Gunnison’s rainbow numbers up, but still struggling

Each fall, researchers from the Colorado Division of Wildlife sample trout populations in the Gunnison River. While brown trout continue to dominate the river, recent surveys indicate rainbow trout numbers are on the increase.


Each fall, Colorado Division of Wildlife aquatics biologist Dan Kowalski leads a team of researchers into the Gunnison Gorge and Pleasure Park sections of the Gunnison River to determine the effectiveness of stocking whirling disease-resistant rainbow trout.

Survey data from 2010 indicate the parasite-resistant rainbows are reproducing and young rainbows again are surviving in the Gunnison River.

Initially, the overall survival of stocked fish has been low, especially during high water years and in areas where high numbers of brown trout are found.

Last fall’s sampling revealed multiple year classes of wild rainbows in Ute Park with an estimated population of 16 pounds per acre and 205 per mile.

By comparison, brown trout dominate this part of the river, with 344 pounds per acre and 10,342 fish per mile.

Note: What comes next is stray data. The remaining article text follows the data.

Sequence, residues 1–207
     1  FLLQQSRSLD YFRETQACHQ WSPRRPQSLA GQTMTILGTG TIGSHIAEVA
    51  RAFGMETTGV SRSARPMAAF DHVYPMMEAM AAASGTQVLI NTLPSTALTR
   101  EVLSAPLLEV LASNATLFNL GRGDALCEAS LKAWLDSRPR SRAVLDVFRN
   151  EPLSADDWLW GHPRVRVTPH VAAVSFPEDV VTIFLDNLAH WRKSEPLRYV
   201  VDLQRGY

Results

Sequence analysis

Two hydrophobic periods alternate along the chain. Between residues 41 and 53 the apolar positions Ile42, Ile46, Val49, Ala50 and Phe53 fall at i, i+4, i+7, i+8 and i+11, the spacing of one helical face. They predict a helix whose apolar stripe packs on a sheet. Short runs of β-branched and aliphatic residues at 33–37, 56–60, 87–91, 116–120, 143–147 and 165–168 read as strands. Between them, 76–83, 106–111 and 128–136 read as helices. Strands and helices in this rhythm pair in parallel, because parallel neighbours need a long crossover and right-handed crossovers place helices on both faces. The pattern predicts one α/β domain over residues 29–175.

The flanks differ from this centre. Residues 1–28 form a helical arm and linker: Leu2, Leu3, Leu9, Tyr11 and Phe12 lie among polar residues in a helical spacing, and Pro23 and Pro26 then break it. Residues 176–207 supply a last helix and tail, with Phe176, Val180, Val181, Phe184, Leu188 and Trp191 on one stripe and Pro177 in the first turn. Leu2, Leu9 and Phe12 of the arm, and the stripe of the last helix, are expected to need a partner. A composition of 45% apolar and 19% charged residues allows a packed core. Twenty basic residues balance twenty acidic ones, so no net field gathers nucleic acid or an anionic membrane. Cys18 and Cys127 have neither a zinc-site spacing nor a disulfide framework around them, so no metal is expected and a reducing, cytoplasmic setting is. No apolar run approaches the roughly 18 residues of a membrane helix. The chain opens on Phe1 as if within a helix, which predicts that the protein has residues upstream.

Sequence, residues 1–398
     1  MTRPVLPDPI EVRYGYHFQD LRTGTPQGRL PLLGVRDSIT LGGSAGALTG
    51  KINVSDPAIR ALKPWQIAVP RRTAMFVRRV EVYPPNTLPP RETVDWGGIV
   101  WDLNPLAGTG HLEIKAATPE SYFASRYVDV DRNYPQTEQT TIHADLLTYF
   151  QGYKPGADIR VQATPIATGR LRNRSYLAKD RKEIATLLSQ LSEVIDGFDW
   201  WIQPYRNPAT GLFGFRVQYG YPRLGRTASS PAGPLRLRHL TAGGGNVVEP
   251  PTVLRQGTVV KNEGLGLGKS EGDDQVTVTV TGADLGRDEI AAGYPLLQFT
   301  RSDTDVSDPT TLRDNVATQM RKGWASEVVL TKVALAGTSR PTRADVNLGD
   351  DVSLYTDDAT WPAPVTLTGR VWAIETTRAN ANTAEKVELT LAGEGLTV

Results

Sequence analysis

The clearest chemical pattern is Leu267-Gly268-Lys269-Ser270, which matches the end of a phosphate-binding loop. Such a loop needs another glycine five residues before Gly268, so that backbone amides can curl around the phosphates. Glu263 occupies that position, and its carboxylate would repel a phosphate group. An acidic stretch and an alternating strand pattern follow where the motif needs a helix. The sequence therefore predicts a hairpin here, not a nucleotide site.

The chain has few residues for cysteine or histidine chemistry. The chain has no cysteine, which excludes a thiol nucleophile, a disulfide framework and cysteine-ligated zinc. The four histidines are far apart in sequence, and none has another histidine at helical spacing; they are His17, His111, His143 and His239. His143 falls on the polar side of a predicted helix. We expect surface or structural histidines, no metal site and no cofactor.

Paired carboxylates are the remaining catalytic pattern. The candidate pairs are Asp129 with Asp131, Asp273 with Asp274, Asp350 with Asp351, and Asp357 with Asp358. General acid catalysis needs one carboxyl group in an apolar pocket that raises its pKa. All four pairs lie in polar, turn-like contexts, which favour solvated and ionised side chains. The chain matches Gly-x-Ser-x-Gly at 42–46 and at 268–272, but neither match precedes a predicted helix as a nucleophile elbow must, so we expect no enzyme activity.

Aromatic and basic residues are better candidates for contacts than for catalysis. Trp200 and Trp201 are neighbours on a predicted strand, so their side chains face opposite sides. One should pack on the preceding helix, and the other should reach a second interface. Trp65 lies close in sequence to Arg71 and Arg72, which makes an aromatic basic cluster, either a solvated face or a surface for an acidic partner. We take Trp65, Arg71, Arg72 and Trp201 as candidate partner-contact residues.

Yes, 10,342 fish per mile. Think about that the next time you are fishing the Gunnison and go home skunked.

While the brown trout biomass increased 9.2 percent from 2009 with a corresponding 43.4 percent increase in density, it’s promising to note the rainbow trout biomass is up 45.5 percent with a 95.2 percent jump in density.

Kowalski said this is great news for the rainbow population.

This year, Kowalski said he wants to stock 1-inch long half-Hofer, half-wild rainbow fingerlings as part of his ongoing study and research.

Similar-sized fish were stocked last summer in the river near Chukar Trail, but the entire stocking was lost during the Aug. 19 flash flood.

In addition to weather events, dam operators may impact trout populations by failing to maintain minimum flows, raising or lowering river volumes too quickly, and allowing high flows during the brown spawn (mid-October to May) and the rainbow spawn (mid-April to July).


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